New engines, a stronger safety suite and slight price increases arrive with the latest Suzuki Swift.
CONFIRMATION that a peppy three-cylinder petrol will be a new engine choice for the incoming Swift line has come from Suzuki here.
Product and pricing information for the key car that the Wanganui-based distributor has disseminated to its dealers shows the turbocharged unit from the brand’s new Boosterjet family will be offered in the fifth-generation of this five-door hatch.
The 82kW/160Nm tri-pot unit is an alternate to a naturally-aspirated 1.2-litre four-cylinder petrol that is shared with the Ignis and, as in that car, makes the same 66kW and 120Nm.
The smaller capacity engine marries purely to a new six-speed automatic and is the most expensive choice of drivetrain for Swift until the Swift Sport arrives with a rortier new 1.4-litre Boosterjet at the end of the year.
The Swift 1.0 RS edition costs $25,990. The 1.2-litre variants are delivered in GL and GLX variants; the first in manual and auto, the second auto only – though in this instance the ‘auto’ is actually a cogless constantly variable transmission.
The GL starts at $19,990 in five-speed manual and the auto has a $2000 premium. Those editions cost more than their equivalents in the outgoing range; the old GL manual was $1000 cheaper and the previous auto was $2000 cheaper.
The GLX now positions at $24,500, a $500 increase over its predecessor.
As previously reported, Suzuki has dropped 1.4-litre and 1.6-litre naturally aspirated petrol engines from the outgoing model that has been here since 2011.
The 1.0-litre turbo triple comes paired exclusively to a six-speed automatic transmission.
The introduction of more modern engines brings efficiency gains but costs in respect to outright power – the 1.2-litre engine makes 4kW/10Nm less than the now redundant 1.4, while the three-cylinder’s output is 18kW down on the old 1.6-litre. Torque figures remain identical, however.
The power drop is offset by reduction in weight, with the 1.2-litre variants registering a tare weight of just 855kg for the manual and 905kg for the CVT, while the 1.0-litre tips the scales at 925kg. Variants in the old range clocked more than 1000kg on the scales.
For comparison, a current four-speed automatic Swift GL Navigator has a kerb weight of 1035kg, while a CVT-equipped Sport weighs 1075kg.
The claimed economy counts also make positive impact. Suzuki NZ is claiming the 1.2-litre manual variant sips 4.6 litres per 100km on the combined cycle, while the CVT rates at 4.8; these counts when it is burning 91 octane fuel. When equipped with the same 1.2-litre engine and manual gearbox combination, the lighter Ignis uses 4.7L/100km while the auto is rated at 4.9L/100km.
The 1.0-litre triple is rated at 5.8 on 95 RON (it cannot stomach the cheapest pump blend) – official European fuel burn data suggests that, had we had it with a manual gearbox, this plant would have accomplished 3.8L/100km.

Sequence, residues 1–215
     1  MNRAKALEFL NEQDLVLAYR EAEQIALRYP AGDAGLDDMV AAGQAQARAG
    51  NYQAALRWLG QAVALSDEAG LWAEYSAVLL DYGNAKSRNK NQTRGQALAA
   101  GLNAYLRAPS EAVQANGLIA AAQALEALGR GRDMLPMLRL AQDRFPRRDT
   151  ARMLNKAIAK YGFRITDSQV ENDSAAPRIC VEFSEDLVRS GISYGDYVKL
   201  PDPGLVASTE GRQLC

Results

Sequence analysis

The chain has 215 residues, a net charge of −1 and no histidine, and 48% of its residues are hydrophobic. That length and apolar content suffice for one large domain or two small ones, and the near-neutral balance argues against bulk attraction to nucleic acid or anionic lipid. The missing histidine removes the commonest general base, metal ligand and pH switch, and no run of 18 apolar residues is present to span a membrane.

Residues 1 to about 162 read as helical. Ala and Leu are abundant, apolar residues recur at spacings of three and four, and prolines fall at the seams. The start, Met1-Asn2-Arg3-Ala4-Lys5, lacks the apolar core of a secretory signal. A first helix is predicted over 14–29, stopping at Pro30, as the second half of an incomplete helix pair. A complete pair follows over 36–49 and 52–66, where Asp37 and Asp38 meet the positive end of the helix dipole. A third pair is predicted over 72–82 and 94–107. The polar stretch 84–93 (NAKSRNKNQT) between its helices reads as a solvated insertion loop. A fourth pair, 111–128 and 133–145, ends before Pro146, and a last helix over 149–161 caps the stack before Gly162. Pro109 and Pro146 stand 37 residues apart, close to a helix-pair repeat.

Nonetheless, this betters the combined cycle figures of 5.5-6.0L/100km cited for the 1.4-litre or the 6.1-6.5L/100km for the 1.6-litre Sport.
Suzuki NZ has also been dabbling with a mild hybrid Swift, a 1.2-litre which uses an integrated starter-generator fed by a lithium ion battery to boost performance and recover energy lost in braking. However, though it has displayed an example of this car – at the Motor Trade Association centenary celebration car show in Wellington last month - there is no word about it being available for sale. The ‘smart hybrid vehicle’ also stands out by being only in four-wheel-drive – all the NZ-market models are front-drive.
Perhaps mindful of the threat posed by grey import Swifts, Suzuki New Zealand appears to have matched the Japanese market specification.
All the NZ market cars therefore offer with the key safety feature of autonomous emergency braking. They also have electronic stability programme, antiskid brakes and six airbags. These, and a lane departure alert and a weaving alert, package as what is being promoted as an ‘advanced forward detection system.’
Automatic headlights, adaptive cruise control, a 360-degree surround view camera and a reversing camera also feature, though mainly only on the GLX and RS. Touchscreen sat nav and Apple CarPlay/Android Auto come in all models save the entry manual. The GL and GLX have manual air conditioning while the RS steps up to a climate control system.
At 3840mm, the new Swift is 10mm longer than the old model, but with a 20mm longer wheelbase, and has 265 litres of luggage space – 54 litres more than the outgoing Swift.
Swift is the third passenger model, following Baleno and Ignis, to come off the 'Heartect' platform and, though the general styling is similar to that sported by the last two generations, the shape is more smoothed off and more squished, particularly in respect to the now wider-mouthed and more bug-eyed faced.
The new look might seem less cutesy, which is ironic since the styling change was driven by desire to attract young buyers. At least, that’s the aim in Japan – here in NZ the average buyer span is very wide, though it depends on whether they’re investing into new or ex-Japan used. The latter wins the youth vote, but first ownership of the NZ-new product is still by and large accounted for by the grey-haired – it’s also a retirement village special.
Sales of the Swift have fluctuated in recent years, from 2968 sales in 2013, to 2685 in 2014, 2373 in 2015 then improving to 2570 last year. During the past two years, the count of used import Swifts has skyrocketed.